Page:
User:Zyzyl

From Neos Wiki
Jump to navigation Jump to search
This page contains changes which are not marked for translation.
Other languages:
English

Neos is a complex piece of early access 'beta' software which is under very active development. As such, occasional bugs or usability issues are to be expected. Everyone can help improve the Neos experience by reporting problems or providing ideas.

This page deals with the process of reporting technical issues or making suggestions for the development of the Neos platform. For information on identifying and dealing with problems related to other users' behaviour, see the Guidelines and Moderation pages.

The Neos development team depends on the community to provide high-quality feedback to help find and address problems. We can make the job of Frooxius and the other programmers easier by using the appropriate channels and formats to raise issues. This is best for everyone involved as it makes it more likely that bugfixes or new features can be implemented quickly. It also helps helps focus developer resources and attention most efficiently.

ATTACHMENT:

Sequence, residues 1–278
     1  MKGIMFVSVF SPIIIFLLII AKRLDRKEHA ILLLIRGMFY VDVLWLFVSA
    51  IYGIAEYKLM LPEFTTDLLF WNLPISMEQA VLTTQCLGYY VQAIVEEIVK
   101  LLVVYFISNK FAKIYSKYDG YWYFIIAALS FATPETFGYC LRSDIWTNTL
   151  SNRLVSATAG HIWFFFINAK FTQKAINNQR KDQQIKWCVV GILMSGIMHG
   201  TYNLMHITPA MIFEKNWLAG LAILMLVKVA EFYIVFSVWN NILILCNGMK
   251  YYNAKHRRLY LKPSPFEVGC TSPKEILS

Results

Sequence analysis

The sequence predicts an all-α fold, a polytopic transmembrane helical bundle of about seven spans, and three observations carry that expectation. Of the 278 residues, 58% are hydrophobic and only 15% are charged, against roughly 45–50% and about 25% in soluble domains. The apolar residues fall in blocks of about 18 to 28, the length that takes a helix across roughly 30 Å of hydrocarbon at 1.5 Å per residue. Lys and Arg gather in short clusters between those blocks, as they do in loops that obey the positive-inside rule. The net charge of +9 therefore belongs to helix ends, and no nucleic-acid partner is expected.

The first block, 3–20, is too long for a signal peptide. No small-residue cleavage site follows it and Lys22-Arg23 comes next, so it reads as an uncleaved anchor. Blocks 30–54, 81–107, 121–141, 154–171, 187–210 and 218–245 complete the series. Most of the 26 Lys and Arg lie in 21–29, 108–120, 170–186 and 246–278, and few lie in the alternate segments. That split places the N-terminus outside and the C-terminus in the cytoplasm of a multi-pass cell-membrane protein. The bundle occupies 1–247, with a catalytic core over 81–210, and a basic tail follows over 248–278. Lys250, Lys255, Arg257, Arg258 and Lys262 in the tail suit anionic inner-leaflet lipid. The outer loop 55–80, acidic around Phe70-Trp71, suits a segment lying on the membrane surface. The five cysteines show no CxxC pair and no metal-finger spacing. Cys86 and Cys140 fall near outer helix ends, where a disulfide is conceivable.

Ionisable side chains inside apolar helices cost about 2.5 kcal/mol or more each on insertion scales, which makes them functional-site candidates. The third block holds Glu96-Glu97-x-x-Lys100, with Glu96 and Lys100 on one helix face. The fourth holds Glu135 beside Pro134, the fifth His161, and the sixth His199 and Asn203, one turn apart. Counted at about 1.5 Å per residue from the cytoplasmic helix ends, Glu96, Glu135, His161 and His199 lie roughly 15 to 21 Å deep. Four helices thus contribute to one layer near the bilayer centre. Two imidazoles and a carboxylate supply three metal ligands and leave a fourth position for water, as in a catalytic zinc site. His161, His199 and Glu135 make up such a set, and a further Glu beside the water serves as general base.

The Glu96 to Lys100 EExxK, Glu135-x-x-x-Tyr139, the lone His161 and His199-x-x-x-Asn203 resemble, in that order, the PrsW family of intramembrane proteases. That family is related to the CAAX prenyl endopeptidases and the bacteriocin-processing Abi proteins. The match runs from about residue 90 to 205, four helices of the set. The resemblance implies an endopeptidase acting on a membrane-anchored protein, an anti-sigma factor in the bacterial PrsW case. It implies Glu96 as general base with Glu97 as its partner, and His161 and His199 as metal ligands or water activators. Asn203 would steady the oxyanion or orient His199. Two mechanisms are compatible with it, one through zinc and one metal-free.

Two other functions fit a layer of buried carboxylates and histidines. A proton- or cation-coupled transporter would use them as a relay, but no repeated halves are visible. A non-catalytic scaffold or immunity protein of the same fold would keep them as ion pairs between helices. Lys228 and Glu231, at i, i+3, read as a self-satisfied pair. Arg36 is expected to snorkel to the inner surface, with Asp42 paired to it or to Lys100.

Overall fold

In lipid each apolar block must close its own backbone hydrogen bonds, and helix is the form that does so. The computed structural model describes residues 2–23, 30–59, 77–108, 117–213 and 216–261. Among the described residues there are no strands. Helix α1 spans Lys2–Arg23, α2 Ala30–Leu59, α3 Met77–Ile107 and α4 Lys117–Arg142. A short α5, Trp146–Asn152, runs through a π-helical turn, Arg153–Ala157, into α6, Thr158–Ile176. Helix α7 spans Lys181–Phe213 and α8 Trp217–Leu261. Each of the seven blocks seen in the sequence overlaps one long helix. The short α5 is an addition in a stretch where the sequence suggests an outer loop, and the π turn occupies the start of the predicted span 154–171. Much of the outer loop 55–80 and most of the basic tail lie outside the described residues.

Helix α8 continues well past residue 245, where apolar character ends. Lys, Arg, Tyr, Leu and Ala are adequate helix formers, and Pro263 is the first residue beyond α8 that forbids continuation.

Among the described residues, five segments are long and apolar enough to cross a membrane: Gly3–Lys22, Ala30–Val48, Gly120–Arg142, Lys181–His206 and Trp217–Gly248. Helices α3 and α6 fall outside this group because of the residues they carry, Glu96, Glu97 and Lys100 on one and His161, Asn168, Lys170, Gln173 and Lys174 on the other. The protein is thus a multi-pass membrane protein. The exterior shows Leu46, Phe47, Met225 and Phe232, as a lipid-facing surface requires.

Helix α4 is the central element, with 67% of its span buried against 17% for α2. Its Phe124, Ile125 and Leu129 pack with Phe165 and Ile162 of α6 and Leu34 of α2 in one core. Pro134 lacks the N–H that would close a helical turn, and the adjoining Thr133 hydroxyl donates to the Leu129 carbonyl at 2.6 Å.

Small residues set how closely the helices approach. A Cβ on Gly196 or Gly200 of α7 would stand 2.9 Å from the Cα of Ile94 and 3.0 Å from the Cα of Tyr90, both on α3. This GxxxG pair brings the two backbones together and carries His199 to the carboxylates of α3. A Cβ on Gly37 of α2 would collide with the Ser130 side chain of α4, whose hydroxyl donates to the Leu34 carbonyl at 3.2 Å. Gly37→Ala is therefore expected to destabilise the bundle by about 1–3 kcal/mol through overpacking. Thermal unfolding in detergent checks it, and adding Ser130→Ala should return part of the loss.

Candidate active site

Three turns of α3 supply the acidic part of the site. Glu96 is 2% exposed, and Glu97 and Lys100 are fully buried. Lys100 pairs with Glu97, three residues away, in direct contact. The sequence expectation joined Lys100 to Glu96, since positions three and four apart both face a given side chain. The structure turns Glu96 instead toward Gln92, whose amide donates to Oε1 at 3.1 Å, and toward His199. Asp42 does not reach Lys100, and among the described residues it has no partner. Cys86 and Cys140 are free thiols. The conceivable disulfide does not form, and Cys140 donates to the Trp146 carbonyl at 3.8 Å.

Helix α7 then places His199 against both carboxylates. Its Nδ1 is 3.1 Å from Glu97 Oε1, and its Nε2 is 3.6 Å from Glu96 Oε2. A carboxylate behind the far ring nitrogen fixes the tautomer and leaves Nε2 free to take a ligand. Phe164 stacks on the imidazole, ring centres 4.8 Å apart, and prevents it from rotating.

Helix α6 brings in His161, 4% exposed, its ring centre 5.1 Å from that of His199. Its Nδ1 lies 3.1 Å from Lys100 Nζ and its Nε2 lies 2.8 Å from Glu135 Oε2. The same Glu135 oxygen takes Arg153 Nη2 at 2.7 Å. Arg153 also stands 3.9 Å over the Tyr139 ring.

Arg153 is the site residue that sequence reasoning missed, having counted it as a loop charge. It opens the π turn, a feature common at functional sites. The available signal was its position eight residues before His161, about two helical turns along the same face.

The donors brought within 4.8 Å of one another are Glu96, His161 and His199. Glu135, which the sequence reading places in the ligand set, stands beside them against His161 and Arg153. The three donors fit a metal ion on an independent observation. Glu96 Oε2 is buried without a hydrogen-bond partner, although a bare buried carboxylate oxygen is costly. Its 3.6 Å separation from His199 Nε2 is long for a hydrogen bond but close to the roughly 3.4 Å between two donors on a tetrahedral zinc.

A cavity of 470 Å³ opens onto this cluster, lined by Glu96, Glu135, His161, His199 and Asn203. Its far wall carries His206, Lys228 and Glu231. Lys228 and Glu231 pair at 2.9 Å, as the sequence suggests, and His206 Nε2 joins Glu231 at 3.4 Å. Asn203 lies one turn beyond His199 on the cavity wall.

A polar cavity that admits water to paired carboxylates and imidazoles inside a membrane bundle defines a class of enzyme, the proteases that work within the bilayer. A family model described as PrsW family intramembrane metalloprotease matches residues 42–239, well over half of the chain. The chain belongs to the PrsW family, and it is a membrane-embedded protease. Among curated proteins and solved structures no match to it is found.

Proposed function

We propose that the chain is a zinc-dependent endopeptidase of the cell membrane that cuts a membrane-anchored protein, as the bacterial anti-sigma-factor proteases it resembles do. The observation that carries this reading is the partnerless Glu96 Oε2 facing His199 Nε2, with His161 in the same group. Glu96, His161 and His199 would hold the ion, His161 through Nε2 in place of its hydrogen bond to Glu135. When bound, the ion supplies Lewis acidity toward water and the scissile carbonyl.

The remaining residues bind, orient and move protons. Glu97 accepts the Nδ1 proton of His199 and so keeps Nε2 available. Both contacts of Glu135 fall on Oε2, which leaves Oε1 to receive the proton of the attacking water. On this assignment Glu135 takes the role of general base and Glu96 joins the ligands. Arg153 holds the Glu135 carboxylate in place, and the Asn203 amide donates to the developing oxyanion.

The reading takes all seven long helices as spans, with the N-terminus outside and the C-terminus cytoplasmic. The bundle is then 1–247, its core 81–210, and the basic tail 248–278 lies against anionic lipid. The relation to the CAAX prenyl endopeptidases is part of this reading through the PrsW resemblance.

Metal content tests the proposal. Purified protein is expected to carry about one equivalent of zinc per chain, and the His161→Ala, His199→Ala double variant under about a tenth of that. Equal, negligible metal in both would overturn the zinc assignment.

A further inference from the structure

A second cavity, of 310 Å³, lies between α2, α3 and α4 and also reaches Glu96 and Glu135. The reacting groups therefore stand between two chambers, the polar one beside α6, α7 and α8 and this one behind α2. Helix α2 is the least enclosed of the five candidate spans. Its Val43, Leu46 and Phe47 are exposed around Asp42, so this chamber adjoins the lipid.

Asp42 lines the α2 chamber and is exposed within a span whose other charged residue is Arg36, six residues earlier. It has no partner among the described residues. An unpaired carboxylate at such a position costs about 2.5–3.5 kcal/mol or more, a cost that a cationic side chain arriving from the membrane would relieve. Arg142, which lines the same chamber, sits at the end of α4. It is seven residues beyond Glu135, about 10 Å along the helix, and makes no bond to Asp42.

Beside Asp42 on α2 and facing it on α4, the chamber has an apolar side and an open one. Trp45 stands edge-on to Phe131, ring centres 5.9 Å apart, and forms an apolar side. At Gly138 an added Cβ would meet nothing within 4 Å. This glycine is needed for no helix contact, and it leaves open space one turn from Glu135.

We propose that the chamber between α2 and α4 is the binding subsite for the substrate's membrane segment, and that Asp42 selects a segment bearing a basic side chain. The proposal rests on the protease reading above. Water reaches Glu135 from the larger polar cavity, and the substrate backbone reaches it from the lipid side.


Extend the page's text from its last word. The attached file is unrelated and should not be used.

Feedback Guidelines

Generally users should not contact Frooxius directly about issues or suggestions. The following steps are the best approaches for providing feedback in the most useful manner, depending on the situation.

Reporting security vulnerabilities or exploits

If you think you have found an exploit which could be used to cause harm, e.g. to steal private assets or spread malicious software:

  1. Do not discuss the issue with other users, including on Discord or GitHub!
    • This helps to reduce the possibility that someone could cause damage before the problem can be fixed.
  2. It is best to immediately tell a Moderator, especially if you think someone is actively using the exploit.
  3. Such issues should be confidentially reported by sending a direct message to the Neos Team member Shifty on Discord. You can alternatively open a ticket on the official Neos moderation webpage.

Serious exploits and security vulnerabilities are dealt with as quickly as possible.

Reporting bugs or problems

If you think you have found a bug or a situation where Neos does not work properly:

  1. Search to see whether the problem has already been reported on the Neos GitHub issue tracker.